As "The Early Show" continued its weeklong "Lose It Early" series Tuesday, David Barton, owner of DavidBartonGym in New York, Miami, Chicago and Seattle, offered pointers about getting in the right frame of mind to get your exercise program in gear, and showed how to do several moves he says everyone should add to their routine:
The first thing you should do is think about what you want to achieve and set healthy short-term goals -- goals you can achieve in 30 days, as opposed to visualizing the perfect body at the end of the year. Lots of little steps will lead up to your ultimate goal. Try to envision very short-term goals -- losing a dress size or an inch, gaining a half-inch if you want to on a certain body part or muscle, or running a mile. All are attainable in a one-month period. Losing five pounds in a month is completely achievable since losing a pound to a pound and a half in a week is a safe, conservative estimate. Five or six pounds a month is a really conservative goal.
Also, it sounds basic, but it's so important to -- find a workout buddy. This will make you more accountable to show up for your workouts and encourage you to push yourself to your limit, when you might otherwise take it easy when working out solo or find excuses not to work out at all. The key here is that it's really easier to give up and blow off a workout if you're doing it alone. So get someone fun, someone in better shape you need to keep up with, someone who likes to work out. It's all about accountability. Having a workout buddy is maybe the next best thing to getting a trainer.
As for types of exercise to do -- cardio or weights - a lot of people who have been doing a lot of cardio and not getting results should try strength training. Cardio is catabolic over time and strength training will give them the results they haven't gotten. It's the only way to really increase metabolism. If it's fat loss, weights are way better. Cardio without weight training is futile. In order to change the body composition by losing fat, strength training is going to do it. It can be all strength and no cardio.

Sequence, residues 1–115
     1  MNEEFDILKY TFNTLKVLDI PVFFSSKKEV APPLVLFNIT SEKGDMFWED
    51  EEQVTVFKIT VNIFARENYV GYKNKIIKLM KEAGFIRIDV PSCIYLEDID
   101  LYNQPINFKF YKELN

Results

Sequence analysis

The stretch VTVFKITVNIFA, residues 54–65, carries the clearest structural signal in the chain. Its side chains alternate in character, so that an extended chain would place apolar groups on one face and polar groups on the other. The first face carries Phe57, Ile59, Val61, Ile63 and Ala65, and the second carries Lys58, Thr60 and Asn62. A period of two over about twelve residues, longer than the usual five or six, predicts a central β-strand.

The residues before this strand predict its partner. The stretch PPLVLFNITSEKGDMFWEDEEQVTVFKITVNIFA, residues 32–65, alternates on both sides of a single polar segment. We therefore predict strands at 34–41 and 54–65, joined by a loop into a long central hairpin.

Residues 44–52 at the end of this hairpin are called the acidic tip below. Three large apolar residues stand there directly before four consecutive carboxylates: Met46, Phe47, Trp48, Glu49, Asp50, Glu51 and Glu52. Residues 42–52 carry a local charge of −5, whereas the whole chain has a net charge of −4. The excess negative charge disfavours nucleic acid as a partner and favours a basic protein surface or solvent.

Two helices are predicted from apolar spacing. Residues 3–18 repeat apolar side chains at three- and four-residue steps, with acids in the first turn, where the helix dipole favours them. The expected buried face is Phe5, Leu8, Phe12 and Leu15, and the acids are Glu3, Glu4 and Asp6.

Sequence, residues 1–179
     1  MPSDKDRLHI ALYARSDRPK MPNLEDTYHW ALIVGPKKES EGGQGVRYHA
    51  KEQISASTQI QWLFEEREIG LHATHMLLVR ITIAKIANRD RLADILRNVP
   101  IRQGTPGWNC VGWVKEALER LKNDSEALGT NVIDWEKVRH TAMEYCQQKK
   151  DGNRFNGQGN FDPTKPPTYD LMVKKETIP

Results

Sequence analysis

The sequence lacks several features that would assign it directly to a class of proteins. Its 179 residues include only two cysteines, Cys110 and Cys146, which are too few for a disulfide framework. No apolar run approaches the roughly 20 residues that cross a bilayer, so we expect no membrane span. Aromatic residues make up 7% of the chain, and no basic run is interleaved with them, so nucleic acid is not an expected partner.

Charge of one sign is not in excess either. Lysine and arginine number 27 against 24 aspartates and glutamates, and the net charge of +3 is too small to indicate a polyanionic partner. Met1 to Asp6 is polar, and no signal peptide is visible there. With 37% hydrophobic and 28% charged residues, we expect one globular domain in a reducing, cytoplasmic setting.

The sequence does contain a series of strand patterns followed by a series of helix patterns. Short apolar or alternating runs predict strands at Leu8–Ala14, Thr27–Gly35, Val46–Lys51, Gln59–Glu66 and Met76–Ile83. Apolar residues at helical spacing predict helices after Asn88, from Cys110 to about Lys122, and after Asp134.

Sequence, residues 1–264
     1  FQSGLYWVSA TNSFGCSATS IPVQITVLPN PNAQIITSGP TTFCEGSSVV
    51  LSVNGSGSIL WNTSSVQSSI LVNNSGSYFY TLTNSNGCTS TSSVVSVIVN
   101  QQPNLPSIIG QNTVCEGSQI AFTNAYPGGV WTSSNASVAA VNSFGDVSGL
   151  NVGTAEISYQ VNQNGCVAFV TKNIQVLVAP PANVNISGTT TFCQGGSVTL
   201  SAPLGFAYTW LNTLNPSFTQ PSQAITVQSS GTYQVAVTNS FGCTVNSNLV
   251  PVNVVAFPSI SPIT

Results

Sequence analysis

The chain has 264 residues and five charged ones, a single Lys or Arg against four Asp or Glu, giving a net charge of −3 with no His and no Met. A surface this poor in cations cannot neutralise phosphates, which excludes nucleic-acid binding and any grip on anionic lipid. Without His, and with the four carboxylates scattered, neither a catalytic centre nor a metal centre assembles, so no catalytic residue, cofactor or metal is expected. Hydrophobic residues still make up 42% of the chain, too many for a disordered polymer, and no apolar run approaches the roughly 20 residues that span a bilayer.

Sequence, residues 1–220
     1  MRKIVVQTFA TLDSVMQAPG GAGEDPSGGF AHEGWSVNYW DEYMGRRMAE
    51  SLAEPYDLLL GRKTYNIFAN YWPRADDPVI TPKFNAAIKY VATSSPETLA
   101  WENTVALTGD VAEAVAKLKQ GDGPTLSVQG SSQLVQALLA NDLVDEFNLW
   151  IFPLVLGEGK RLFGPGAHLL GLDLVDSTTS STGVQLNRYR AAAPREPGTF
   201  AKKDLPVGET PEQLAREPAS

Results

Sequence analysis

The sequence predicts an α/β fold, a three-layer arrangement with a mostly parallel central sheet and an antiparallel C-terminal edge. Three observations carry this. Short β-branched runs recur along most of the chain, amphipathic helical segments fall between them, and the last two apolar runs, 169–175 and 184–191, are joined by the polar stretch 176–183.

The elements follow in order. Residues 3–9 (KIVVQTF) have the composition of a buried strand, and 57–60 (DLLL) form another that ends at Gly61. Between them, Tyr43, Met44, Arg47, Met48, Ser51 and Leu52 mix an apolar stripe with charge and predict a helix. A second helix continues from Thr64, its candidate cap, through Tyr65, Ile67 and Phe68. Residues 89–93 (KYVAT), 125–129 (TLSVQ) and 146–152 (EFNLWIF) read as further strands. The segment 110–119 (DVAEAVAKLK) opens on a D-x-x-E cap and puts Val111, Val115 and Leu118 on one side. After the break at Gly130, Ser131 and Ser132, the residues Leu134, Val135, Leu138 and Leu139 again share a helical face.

But won't that cause you to bulk up?
Bulking women up is a myth we need to debunk. It's difficult for a woman to bulk up. It's a misconception. Lifting weights won't make you big and bulky, because the truth is, a lot of bulk is body fat. If you increase a muscle by 5 percent and decrease body fat by 5 percent, the body part is going to be smaller. Fat takes up space and, since it's not as dense as muscle, it takes up a lot more space. It's making the volume of that muscle bigger by taking up space in the muscle cells. Cardio can be incredibly catabolic and over time, making you fat. Turn to weight-based workouts to finally see that change in your body you've been wanting.
We're doing a squat because it's good low-body strength training, and if you like cardio, an exercise like this will get your heart rate going and you'll feel the heat and sweaty and tired. If you like cardio, this is a nice substitute. You should do four to five sets of ten reps every other day, at most. Twice a week would be perfect.
To make exercises keep working for you over time, it's all about progression and variation. A lot of people don't see results because they get stuck in a routine and the body is an adaptation machine. What works today won't work tomorrow. So, you have to either change the amount of weights, number of sets, reps, or the order of the exercise. You need to do something that will force the body to overcome. Just switching the order of exercise by fatiguing one muscle before the other can help you jumpstart your workout.
Since this tip is all about change, we're going to switch up a standard dumbbell routine. You'll see at the gym a lot of guys lifting dumbbells without changing anything. We're going to add bands to them, which changes the angle and the way that you exercise your muscles. And the bands are fairly inexpensive to buy, so it's a great way to alter your routine.
A lot of people focus on the amount of time they spend in the gym. They think that they need to be at the gym for two hours. But a workout is a means to an end, not an end in itself. You create a stimulus and more calories are burned over the next 24 hours than they are at the gym. A common misconception is that the body is changing during the workout. Calories aren't burned in workout. You want your body to change over the subsequent 12, 16, 24 hours. If you have a half-hour three times a week, it can cause body to change in a way, and the body gets toned and beautiful and strong.
What about those calorie counters on ellipticals and treadmills?
Calorie counters means nothing. A lot isn't burned during exercise. Calories are burned in subsequent time, after exercise. You want to create an efficient calorie burning machine. When you exercise, the body burns sugar and protein and you want an environment in which fat is metabolized and used for energy.
Traditional Straight Leg Dead Lift
It's something that works a lot of muscles in the body. It's efficient because a lot of large muscle groups are working, and it will create, among other things, a calorie after-burn. You can easily do it with dumbbells at home.